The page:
And then we have our gospel reading. We have some work to do to unpack this text. As we heard, the Sadducees went to Jesus with a question about the resurrection. The first thing you need to know about the Sadducees is that they don’t believe in the resurrection. Luke tells us this right off the bat: “Some Sadducees, those who say there is no resurrection…” This detail helps us to hear the question for what it truly is: it is a question posed to mock the whole idea of life after death.
To do this, the Sadducees point to the Jewish practice of levirate marriage. This practice, spelled out in Deuteronomy, meant that if a man had a brother who died without having had children, leaving behind a childless widow, that man was to marry her and have children with her – both as a means of carrying on his brother’s line and as a means of security for the wife. It sounds utterly strange and a little incestuous to us today, but this was a way of caring for widows in a time where there was no life insurance and no social security.
The Sadducees, thinking themselves to be oh so clever, came up with a scenario based on this practice that they thought would illustrate how absurd the idea of the resurrection is. They asked Jesus, “What if a woman marries seven different brothers – each of whom die without giving her a child – and then she dies. In this supposed afterlife, whose wife will she be?” You can almost see the smug grins on their faces. They think they’ve debunked the whole idea of life after death!
But Jesus isn’t impressed. I mean, having come from heaven, he would know, right? Jesus tells them that they’re thinking in human categories that don’t fit in the afterlife. The whole levirate marriage custom is a custom for this age to care for widows. In the afterlife there will be no need for such customs. In the afterlife we will be like angels. We will be children of the resurrection. In the afterlife, things will be profoundly different than they are in this age. This doesn’t necessarily mean we won’t know each other in heaven – it just means that these earthly customs will no longer be needed.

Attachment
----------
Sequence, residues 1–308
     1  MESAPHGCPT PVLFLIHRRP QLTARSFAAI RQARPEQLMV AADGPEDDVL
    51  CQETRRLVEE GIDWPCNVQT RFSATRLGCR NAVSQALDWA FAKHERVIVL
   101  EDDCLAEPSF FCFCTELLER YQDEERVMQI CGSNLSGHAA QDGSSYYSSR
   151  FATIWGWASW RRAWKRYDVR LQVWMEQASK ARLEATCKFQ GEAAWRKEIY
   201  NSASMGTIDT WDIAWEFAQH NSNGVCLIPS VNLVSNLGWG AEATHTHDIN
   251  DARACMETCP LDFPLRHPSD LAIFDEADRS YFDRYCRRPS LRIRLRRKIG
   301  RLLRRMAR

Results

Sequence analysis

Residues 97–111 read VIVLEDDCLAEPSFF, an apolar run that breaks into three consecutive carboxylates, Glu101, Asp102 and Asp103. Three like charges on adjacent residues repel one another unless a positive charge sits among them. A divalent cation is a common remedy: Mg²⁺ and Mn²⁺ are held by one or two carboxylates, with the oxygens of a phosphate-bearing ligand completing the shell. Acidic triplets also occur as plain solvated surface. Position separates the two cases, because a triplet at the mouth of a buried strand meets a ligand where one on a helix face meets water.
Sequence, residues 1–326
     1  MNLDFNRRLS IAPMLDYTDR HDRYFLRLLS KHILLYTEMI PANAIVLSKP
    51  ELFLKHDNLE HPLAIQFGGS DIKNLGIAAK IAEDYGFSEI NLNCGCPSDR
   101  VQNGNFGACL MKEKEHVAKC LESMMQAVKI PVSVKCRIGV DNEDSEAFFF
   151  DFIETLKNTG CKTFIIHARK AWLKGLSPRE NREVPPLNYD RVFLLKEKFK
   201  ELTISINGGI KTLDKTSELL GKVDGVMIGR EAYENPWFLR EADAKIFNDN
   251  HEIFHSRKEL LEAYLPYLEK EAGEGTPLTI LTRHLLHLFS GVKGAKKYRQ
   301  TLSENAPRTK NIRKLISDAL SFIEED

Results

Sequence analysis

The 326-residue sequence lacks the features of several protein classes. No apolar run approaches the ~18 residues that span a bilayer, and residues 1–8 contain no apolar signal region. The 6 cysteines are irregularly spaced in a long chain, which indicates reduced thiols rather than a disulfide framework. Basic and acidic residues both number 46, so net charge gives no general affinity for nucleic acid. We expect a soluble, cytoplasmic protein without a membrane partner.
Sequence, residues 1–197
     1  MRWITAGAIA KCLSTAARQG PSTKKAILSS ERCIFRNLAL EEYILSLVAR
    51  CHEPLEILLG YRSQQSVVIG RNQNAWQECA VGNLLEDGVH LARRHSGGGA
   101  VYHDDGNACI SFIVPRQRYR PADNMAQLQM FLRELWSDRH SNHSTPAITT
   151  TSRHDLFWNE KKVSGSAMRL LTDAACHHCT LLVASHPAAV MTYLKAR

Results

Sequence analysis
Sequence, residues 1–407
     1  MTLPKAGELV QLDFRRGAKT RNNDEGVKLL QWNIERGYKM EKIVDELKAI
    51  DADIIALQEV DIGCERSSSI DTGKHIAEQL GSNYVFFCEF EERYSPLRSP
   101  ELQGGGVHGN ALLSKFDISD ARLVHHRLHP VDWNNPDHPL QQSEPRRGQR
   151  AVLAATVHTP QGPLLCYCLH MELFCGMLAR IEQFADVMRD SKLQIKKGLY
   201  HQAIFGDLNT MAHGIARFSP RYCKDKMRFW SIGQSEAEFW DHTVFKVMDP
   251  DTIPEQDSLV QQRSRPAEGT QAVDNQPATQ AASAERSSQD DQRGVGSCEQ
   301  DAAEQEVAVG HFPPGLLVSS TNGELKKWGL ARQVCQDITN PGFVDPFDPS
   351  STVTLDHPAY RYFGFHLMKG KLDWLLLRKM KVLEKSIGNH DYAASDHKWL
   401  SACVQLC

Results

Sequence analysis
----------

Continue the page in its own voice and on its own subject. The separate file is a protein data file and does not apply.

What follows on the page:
Jesus goes on to point these Sadducees to the story of Moses and the burning bush. The Sadducees, you see, only accepted the first five books of the Old Testament. This story is in Exodus, so he’s appealing to sources they would have seen as authoritative. Jesus says to them, “The FACT that the dead are raised,” (note Jesus uses the word “fact”!) “Moses himself showed!” In that story, when God spoke to Moses through the burning bush, God said, “I AM the God of Abraham, I AM the God of Isaac, I AM the God of Jacob.” God doesn’t say, I WAS their God back before they died. He says I AM their God. “For to him,” Jesus says, “all of them are alive.”